Ultra low-power microcontroller development kits for Apollo MCUs
Design & Manufacture
Two new Apollo MCU evaluation kits, the ‘Apollo EVB’ and the ‘Apollo EVK’, are now available from Ambiq Micro to enable engineers to assess the capabilities and cutting-edge low-power performance of the Apollo sub-threshold microcontroller.
Announced in January this year, the new suite of Apollo MCUs is based on the 32-bit ARM Cortex-M4 floating point microcontroller and redefines ‘low power’ with energy consumption that is typically five to ten times lower than that of MCUs of comparable performance. The dramatic reduction in energy consumption is achieved using Ambiq’s patented Subthreshold Power Optimized Technology (SPOT) platform and can enable significantly longer battery life in wearable electronics and other battery-powered IoT applications.
A key feature of the primary kit, the EVB evaluation board, is the integration of an on-board hardware debugger together with a complete Software Development Kit (SDK). In addition, the system also comes with FreeRTOS, all the necessary hardware drivers, plus a wide selection of code examples to enable quick and effective hardware and software evaluation, development, debug and prototyping.
The Eclipse based graphical software Integrated Design Environment (IDE) and the Open On-chip (OpenOCD) debugger command-line terminal interfaces run without any external modules or hardware. However, external support is available via a standard 10-pin ARM connector for debugging with other third-party tools such as Keil, IAR, Segger or Lauterbach. The baseboard’s AM-Link mode also enables it to operate as a stand-alone debugger for an external target/prototype system for in-circuit debugging. Also included is a serial wire output (SWO) channel, which supports Instruction Trace Macrocell (ITM) debug output information.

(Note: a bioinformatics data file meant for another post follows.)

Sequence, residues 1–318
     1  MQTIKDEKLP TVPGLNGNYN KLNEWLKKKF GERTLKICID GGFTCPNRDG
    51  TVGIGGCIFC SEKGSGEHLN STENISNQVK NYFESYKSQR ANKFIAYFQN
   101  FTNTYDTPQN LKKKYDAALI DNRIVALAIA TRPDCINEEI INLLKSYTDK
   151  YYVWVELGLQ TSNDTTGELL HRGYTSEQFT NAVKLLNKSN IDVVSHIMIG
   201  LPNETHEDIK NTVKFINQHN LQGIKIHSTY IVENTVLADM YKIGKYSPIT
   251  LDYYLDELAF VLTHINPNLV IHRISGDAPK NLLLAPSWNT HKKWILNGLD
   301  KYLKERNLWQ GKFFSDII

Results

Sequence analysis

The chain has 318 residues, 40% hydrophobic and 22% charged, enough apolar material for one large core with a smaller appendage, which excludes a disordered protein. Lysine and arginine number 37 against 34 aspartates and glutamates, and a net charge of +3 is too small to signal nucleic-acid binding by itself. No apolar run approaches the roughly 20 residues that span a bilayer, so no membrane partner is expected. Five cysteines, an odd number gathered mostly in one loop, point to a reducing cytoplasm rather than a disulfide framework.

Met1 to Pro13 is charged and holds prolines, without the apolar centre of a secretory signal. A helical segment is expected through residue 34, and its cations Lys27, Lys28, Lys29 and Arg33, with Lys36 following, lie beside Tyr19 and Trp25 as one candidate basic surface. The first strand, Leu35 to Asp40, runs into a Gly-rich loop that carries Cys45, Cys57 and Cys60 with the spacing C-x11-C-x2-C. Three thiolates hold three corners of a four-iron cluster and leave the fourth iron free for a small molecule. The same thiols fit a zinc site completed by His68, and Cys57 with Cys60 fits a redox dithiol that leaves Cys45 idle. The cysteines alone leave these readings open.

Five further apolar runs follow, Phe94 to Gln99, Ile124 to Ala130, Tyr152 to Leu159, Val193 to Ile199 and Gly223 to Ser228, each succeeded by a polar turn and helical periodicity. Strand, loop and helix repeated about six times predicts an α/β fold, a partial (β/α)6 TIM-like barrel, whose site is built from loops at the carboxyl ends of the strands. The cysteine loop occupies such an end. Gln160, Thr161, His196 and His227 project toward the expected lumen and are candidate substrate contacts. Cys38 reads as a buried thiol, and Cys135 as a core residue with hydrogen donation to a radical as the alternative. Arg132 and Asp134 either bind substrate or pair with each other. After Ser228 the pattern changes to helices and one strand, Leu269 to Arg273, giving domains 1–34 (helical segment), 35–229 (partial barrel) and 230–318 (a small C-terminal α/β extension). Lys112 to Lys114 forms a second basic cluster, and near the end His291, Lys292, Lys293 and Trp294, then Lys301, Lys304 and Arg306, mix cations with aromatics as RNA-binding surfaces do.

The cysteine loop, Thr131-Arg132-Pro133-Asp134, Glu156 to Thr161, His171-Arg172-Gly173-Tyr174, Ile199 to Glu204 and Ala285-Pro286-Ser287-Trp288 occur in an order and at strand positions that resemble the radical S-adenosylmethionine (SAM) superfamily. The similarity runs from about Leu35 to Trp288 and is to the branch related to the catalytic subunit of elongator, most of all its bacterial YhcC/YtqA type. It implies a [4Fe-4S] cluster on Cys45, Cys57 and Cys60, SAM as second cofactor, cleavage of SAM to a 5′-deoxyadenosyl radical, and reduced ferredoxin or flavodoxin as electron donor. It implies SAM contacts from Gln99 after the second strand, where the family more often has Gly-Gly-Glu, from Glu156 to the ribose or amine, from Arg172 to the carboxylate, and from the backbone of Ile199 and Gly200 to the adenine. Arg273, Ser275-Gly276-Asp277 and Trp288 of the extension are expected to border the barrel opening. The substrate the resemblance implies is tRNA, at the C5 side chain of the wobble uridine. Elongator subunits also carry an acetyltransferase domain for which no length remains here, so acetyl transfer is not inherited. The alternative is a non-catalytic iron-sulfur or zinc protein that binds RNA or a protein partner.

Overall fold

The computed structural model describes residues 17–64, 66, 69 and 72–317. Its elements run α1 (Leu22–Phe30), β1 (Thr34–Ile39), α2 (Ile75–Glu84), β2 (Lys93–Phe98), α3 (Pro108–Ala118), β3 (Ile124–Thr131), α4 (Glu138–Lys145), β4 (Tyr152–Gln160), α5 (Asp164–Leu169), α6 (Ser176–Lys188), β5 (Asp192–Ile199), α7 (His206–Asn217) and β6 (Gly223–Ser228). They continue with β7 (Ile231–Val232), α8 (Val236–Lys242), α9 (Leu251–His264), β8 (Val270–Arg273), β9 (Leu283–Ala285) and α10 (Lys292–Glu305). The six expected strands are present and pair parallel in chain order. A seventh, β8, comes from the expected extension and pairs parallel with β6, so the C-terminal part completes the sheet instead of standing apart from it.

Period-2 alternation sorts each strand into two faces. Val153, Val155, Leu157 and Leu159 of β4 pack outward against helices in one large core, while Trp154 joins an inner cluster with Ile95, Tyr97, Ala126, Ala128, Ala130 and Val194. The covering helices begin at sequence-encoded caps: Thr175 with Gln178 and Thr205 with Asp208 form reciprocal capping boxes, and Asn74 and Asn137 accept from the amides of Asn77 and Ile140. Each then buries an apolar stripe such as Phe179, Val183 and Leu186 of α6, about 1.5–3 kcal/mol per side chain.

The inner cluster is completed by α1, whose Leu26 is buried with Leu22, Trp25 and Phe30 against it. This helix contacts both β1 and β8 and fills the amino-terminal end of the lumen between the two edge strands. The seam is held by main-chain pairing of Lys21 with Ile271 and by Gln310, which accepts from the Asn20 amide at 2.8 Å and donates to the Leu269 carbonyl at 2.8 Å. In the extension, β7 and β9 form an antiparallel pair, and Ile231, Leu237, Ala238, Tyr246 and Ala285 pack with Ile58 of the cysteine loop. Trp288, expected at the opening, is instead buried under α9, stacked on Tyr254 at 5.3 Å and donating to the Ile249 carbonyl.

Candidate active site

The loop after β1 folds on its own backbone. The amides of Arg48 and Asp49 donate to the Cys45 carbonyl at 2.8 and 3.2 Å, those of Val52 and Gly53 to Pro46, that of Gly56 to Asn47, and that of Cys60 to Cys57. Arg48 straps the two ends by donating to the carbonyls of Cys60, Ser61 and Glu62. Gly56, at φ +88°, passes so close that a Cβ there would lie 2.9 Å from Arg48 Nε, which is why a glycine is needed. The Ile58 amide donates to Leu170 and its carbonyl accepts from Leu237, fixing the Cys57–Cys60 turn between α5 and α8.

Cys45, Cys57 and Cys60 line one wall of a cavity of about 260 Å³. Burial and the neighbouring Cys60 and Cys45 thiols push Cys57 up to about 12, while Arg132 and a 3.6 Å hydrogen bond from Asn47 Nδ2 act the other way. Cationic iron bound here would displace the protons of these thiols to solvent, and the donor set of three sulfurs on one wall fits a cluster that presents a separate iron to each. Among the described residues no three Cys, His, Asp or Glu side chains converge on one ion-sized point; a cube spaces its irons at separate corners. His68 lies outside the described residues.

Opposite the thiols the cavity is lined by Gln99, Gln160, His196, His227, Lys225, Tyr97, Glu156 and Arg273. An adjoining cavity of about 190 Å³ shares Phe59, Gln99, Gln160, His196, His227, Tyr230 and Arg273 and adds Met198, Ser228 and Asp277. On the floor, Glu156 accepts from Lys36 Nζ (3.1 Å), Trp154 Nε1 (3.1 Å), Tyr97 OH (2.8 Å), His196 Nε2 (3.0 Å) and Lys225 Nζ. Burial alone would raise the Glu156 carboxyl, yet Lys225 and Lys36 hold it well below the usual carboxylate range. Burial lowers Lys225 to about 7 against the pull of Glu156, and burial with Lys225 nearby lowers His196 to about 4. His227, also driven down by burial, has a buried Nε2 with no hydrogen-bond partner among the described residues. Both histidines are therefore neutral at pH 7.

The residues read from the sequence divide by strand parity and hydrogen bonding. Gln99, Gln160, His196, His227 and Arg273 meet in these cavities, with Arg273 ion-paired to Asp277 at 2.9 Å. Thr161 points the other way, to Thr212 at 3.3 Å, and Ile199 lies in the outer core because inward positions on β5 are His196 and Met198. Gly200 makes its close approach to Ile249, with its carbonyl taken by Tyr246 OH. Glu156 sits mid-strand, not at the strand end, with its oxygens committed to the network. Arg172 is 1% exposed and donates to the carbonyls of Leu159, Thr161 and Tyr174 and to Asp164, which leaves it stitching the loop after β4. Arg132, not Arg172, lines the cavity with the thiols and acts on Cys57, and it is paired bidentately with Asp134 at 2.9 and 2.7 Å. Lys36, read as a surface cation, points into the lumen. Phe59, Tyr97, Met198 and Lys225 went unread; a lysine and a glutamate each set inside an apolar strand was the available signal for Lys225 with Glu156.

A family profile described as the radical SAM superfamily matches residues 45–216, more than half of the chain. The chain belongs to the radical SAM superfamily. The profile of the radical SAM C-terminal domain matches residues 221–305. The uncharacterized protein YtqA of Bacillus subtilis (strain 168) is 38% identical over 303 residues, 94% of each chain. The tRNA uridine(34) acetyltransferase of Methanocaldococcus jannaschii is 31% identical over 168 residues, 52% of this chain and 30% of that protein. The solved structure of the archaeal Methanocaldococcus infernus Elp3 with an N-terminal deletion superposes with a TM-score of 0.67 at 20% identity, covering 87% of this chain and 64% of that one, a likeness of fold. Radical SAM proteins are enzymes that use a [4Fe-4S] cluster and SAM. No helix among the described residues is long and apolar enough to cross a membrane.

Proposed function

The EVB system can be powered via the single micro-USB cable from either a PC USB port or via a DC adapter included in the kit, with further options for connecting to an external battery or power supply. There is a choice of system operation at either 2.0V or 3.3V with selection via a jumper setting using the on-board voltage regulators or via the external battery connector. Additionally, the board offers split power rails for the Apollo MCU and expansion connector peripherals enabling individual power sources and simultaneous current measurements on both rails.
The EVB has several on-board user interfaces including three user pushbuttons, an MCU reset pushbutton, four user LEDs, and a serial-wire-debug activity LED. The baseboard also includes four female expansion card connectors in individual 2x14 pin arrays, which also function as header test points. The baseboard also features an additional right-angle 2x14 header connector for attaching smaller expansion cards.
The second kit, the Apollo EVK evaluation kit adds further functionality and comprises the EVB board system plus add-on modules that include a Bluetooth Low Energy (BLE) add-on card, and a Sensor Expansion Card.
The BLE card is based on Dialog Semiconductor’s low power DA14581 and includes an on-board 2.4GHz antenna. The Sensor Expansion Card comes pre-populated with a host of different sensors including a number of three-axis accelerometers and gyroscopes and a magnetometer, along with 128MB of serial Flash memory for storage of sensor data. This modular board also allows additional radios and/or sensors to be added either via a fly-lead approach or via alternate add-on boards.